What do you call someone who speaks 3 languages? Trilingual.
What do you call someone who speaks 2 languages? Bilingual.
And what do you call someone who speaks 1 language? American.
Sad, but too true.

In retrospect, I wondered why I really was oblivious to pro cycling and came to the conclusion that my Sports Illustrated subscription ended when I graduated high school in 1980. Tour Fever brought to my attention that I stopped learning about new sports about a year before the first American participated in the Tour. Aside from what was covered in the box scores, there was scant coverage of cycling in the New York Times (I went to college in New York City) and even less that was suited to introducing a newcomer to the sport. My ignorance of cycling was compounded by the fact that the U.S. boycotted the 1980 Olympics so I didn’t even watch the cyclists race around the highly banked velodrome as I had in 1976. By 1984, I had already met my wife-to-be and wasn’t really interested in acquiring a new spectator sport, so I didn’t watch much of that Olympics, either. But now that I’m older, a little more secure that after 21 years, my wife won’t leave me in fear of becoming a cycling widow, it’s safe to ride the wake of VeloGuy’s enthusiasm and risk becoming a new cycling fan. Moreso, armed with Tour Fever, I can introduce my children to a sport decades earlier than I started and we can share the joy of becoming new fans, together.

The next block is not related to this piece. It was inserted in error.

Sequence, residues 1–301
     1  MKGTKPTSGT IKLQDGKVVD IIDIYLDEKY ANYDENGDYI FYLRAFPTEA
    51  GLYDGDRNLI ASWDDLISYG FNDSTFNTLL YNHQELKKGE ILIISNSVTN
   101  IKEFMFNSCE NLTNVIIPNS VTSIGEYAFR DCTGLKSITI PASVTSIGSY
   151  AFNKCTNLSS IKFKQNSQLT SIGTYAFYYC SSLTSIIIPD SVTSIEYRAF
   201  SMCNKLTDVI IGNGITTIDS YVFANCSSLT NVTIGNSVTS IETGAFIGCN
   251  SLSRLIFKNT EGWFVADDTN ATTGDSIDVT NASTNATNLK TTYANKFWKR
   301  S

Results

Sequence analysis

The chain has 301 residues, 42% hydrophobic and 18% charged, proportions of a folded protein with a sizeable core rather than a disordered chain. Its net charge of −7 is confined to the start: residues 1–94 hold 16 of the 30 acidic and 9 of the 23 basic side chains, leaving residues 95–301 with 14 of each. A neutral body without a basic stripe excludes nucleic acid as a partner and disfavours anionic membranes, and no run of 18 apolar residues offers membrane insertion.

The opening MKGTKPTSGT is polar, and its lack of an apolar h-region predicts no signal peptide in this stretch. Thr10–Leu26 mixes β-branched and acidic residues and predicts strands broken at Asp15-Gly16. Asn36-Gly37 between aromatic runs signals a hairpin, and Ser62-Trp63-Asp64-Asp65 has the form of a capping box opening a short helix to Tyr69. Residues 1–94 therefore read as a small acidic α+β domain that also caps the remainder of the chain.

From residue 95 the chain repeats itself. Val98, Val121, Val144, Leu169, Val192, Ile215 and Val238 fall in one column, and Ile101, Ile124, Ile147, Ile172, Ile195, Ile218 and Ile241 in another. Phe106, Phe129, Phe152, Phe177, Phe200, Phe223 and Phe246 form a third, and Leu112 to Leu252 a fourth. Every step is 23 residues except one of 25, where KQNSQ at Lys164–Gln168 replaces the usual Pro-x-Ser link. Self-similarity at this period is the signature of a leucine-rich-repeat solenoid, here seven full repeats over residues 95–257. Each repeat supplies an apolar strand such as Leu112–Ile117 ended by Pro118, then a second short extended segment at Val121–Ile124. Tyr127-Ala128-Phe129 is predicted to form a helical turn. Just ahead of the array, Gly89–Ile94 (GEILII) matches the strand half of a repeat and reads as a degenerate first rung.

Publisher take note: I’d like to see an annual edition released each spring, highlighting a few of the compelling backstories, noting the recent retirees, the newly suspended, the up-and-comers we should look for, the effect of cyclists changing teams and the ramifications of teams changing sponsors. And of course, another edition would give Partland the opportunity to correct his most glaring error: omitting Bicycle.net from the Of Interest On The Web section of the appendix. 🙂

I’m looking forward to sitting with VeloGuy this summer and being able to ask him intelligent questions about what’s happening so I can better appreciate the annual spectacle of the Tour de France.

This is the Tour de France FAQ, Jacques.

Bottom line… you’re a die-hard cycling nut and you have a yet-to-be-converted friend or relative who can’t quite handle the torrential fire-hydrant of cycling fanatacism you’re spewing at mach 3… Tour Fever is the book to get from clueless to clued-in on the Tour de France. Then, invite the noob to sit with you to watch the Tour on TV or on the Internet and let the newbie ask questions. No breakaways until you’ve ensured that he’s fairly capable of keeping pace with you.